thankfully, the surgery went extremely well and our dog is back, happy and healthy. at age 13, she is starting to show some signs of getting old, but soundness is not one of them. i think we paid about 2k for the surgery and post-op. she is given rimydel every day.
    good luck with whatever you decide to do. it is amazing how much joy these anaimals bring us, isn't it?



  15. #15
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    Jul. 24, 2006
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    Seattle, WA
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    Default

    We had a siberian husky who ruptured her ACL and we took a similar route to secretariat (the second time around).

    We toyed with the surgery, but she had spontaneous pneumothorax a couple of years earlier (so essentially spontaneous deflation of a lung) and it was a NIGHTMARE trying to sedate her and keep her calm. The vet called us after one of the procedures they did on her and said "I hope you don't ever have to sedate this dog again." Turns out they over-sedated her and had to bring out the paddles. She was my husband's dog and he hadn't ever crate trained her so she was totally freaked out by having to be in a kennel of any sort. So the idea of surgery was pretty much out the window because we didn't think we could keep her mentally intact during that 6 week period that you have to keep the dog inactive post surgery.

    Within 4 weeks she was walking on the leg with the blown ACL again with a slight limp. At 6 weeks she was rock solid on it and ran around like normal for about 2 years before blowing her other ACL. We felt like old pros at that point with this dog after 2 spontaneous pneumothorax episodes and the first ACL. Again we waited it out and she followed a similar path and her legs gave her no problems for the next 2 years. Ultimately it was the pneumothorax that did her in and we put her down in her third (and worst) episode.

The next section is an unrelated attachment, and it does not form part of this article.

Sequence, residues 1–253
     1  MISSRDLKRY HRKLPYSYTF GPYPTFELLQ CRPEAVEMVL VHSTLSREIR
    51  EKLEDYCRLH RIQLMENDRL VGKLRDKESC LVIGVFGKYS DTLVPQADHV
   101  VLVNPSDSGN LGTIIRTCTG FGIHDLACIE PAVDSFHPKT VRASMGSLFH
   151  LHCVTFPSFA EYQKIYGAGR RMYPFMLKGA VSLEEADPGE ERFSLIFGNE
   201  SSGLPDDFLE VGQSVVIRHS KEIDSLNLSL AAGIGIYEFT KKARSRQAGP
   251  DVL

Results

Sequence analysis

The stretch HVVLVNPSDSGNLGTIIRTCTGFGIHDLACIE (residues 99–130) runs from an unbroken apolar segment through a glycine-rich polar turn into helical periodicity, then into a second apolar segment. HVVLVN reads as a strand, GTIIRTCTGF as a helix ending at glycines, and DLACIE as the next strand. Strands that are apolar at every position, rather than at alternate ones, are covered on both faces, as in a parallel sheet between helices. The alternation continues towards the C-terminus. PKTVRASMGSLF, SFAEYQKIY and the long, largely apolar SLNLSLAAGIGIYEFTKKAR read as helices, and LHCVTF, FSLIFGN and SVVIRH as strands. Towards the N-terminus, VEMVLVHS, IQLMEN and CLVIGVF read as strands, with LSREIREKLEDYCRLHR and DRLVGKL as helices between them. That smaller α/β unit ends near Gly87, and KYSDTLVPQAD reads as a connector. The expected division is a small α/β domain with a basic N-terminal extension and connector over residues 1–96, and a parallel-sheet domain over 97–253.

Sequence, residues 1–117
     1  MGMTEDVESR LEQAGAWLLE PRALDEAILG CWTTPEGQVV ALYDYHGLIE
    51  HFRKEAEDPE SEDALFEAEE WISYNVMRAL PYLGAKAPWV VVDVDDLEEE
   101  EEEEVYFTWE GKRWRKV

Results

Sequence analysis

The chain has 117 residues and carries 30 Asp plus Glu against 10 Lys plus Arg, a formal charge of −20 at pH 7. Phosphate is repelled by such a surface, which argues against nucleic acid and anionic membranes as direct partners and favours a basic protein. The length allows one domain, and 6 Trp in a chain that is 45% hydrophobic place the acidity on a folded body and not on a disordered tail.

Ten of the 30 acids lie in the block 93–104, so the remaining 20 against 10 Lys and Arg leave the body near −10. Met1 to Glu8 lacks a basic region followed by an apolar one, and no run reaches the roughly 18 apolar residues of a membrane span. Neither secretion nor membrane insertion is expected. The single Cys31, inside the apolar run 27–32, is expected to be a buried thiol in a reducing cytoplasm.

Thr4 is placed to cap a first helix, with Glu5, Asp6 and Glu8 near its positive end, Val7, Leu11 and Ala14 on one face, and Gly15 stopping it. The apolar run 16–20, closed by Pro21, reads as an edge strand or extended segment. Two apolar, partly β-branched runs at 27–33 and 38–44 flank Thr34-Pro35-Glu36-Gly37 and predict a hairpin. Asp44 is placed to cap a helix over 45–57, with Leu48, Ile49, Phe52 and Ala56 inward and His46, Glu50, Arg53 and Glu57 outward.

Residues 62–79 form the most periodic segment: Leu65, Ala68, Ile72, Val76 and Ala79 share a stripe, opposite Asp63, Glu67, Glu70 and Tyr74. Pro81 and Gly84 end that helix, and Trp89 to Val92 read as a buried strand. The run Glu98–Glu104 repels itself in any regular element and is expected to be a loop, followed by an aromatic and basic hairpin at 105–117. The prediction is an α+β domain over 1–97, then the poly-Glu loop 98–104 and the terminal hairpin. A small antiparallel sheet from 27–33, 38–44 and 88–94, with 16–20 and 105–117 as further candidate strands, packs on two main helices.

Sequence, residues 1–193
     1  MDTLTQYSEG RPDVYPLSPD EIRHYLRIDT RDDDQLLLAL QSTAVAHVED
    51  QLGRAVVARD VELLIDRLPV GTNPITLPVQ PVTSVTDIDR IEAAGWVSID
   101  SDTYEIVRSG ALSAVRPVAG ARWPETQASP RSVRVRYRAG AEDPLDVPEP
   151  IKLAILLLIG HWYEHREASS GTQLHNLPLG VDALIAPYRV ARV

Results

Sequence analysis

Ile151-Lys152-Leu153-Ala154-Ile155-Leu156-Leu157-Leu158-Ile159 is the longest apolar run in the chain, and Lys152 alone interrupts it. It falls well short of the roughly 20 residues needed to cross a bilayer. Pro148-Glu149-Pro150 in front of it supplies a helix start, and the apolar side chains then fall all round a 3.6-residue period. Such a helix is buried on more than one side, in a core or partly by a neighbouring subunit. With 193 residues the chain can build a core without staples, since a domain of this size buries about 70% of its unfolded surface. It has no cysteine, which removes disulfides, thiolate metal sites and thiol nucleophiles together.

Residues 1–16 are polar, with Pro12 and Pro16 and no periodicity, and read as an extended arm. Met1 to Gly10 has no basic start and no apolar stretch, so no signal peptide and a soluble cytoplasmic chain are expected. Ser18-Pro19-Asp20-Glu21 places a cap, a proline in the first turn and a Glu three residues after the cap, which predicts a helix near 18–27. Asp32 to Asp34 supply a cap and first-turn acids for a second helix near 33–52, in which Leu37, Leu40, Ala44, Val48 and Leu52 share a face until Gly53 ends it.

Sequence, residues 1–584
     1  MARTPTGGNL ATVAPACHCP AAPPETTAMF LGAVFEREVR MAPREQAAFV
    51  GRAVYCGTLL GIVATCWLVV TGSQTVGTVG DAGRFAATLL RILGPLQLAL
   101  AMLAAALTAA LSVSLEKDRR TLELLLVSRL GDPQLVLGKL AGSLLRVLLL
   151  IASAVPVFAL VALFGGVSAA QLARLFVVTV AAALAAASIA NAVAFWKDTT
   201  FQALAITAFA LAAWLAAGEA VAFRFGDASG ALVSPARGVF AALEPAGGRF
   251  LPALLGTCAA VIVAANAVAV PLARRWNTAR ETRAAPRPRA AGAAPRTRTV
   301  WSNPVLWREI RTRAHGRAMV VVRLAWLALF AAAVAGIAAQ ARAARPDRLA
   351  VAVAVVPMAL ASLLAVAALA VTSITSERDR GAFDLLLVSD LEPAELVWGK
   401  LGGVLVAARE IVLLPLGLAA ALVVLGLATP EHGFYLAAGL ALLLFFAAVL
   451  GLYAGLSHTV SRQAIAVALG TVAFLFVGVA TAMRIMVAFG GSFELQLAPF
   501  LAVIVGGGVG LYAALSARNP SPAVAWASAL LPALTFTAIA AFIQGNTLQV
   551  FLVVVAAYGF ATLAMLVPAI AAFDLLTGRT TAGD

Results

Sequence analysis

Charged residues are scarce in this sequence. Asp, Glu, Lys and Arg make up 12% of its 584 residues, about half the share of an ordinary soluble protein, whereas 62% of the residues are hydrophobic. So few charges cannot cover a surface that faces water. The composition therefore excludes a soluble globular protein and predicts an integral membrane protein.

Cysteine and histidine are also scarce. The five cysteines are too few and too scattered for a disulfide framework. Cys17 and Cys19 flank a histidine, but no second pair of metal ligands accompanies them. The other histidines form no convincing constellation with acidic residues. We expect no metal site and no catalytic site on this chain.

We really gutted ourselves during that first ACL, wondering whether we were doing the right thing or not. And after following several friends who went through the surgery with their dogs I am so relieved that we didn't try to put her through it. Basically my feelings about the need for surgery are the same as secretariat's.

    But all experiences are different, of course, so what worked for my dog may not work for others.

    Good luck to you whatever you decide!



  16. #16
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    Apr. 4, 2006
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    An American Living In Ireland
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    Default

    My Staffy cross was diagnosed with CL damage that had to be operated on straight away this spring. Well straight away was when I was moving. Kept her quiet which was easy enough.

    Fast forward a few weeks after moving in to new place and got a second opiniion. Second opinion came from a vet who stops by the farm everyday and brings me and Claire (his assistant) pastries before going on about his day. He said to me if it was a serious injury, she would not be getting along as well as she is. He said you can do surgery, but I would give her a week of pain killers, start her on some arhtritis meds and see what happens.

    That was in May and she has never looked back. She' s better than ever now. She is a smaller dog so maybe not as severe as the larger dogs.

    Terri
    COTH, keeping popcorn growers in business for years.

    "I need your grace to remind me to find my own." Snow Patrol-Chasing Cars. This line reminds me why I have horses.



  17. #17
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    Jan. 7, 2008
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    Default

    We have two Labs that have both had TPLO done by a board certified surgeon. (Who by the way loves us because we have clearly paid him handsomely in dog knees over the years)

    Our black female had TPLO done on her right at 2 years old.. she tore her CL playing fetch. She's now 8 and I haven't regretted it for a moment. She takes Cosequin, but no other meds for arthritis, etc. Happiest girl alive!